Singapore Airlines has bought a 10% stake in Virgin Australia as it looks to counter the growing strength of competitors in the region.
The A$105m ($108m; £68m) deal will also help Virgin Australia challenge Qantas, its main rival in the domestic market.
Australia and Asia Pacific are one of the few pockets of growth in the airline industry.
As a result, airlines from China, Europe and the Middle East have stepped up their coverage of the region.
Last month, Qantas announced a potential alliance with Dubai's Emirates.
"We see today's move by Singapore Airlines as a strategic shift down south to back Qantas' main domestic competitor," said City Index analyst Peter Esho.
Virgin, which already has Abu Dhabi's flag carrier Etihad as a minority stake holder, also announced a number of other local deals on Tuesday.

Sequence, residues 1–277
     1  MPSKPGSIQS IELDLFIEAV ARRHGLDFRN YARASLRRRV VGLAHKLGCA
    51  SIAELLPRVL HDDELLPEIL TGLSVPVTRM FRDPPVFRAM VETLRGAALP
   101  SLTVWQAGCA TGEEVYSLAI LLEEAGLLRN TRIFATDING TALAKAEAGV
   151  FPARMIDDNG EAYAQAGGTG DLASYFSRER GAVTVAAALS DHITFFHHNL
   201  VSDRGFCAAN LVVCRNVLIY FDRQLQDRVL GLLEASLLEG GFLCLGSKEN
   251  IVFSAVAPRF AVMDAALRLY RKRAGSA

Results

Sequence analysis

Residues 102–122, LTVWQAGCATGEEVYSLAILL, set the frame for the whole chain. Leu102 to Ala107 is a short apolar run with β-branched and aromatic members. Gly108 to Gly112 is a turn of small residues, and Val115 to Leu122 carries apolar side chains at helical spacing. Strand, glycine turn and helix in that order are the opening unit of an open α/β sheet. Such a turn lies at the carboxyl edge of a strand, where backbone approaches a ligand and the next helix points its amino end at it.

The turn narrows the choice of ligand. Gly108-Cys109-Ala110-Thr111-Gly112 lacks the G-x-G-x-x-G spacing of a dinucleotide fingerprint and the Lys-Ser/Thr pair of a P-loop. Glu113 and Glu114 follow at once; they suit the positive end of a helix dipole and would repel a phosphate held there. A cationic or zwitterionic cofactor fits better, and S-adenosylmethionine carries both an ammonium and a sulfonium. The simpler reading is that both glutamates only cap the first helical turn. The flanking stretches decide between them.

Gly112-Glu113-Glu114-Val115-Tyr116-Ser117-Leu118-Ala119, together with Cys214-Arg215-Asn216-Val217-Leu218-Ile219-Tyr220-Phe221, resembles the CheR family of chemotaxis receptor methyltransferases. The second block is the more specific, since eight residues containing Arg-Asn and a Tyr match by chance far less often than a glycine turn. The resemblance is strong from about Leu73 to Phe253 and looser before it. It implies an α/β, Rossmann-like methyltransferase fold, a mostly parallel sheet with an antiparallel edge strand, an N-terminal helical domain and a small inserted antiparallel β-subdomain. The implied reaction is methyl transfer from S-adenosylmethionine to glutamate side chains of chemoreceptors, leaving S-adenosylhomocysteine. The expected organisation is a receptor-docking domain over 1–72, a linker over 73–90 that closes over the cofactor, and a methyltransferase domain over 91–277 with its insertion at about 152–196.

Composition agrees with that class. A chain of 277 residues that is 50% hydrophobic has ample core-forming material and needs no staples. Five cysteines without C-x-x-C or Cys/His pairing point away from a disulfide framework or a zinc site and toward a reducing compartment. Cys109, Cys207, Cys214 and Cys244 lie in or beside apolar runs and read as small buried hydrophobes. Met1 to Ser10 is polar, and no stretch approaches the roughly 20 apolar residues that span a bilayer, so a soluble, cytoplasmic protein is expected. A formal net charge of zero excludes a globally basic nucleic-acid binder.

It agreed to acquire 60% of Singapore Airlines' struggling Australian budget carrier, Tiger Airways, for A$25m.
Virgin and Tiger will jointly spend another A$52.5m to increase Tiger's fleet, if regulators give their approval.
Virgin also said it would takeover regional airline Skywest, which operates in Australia and South East Asia, for A$99m.
"The transactions announced today are in line with Virgin Australia's strategy to become the airline of choice in all markets, in order to diversify our earnings and drive growth opportunities for the business," said Virgin Australia Chief Executive Officer John Borghetti.
Analysts said this would make Virgin a viable competitor to Qantas domestically.
"The transactions overall represent a monumental shift for Virgin Australia which, if approved, will see a more even playing field in Australian aviation," Macquarie analysts said in a note.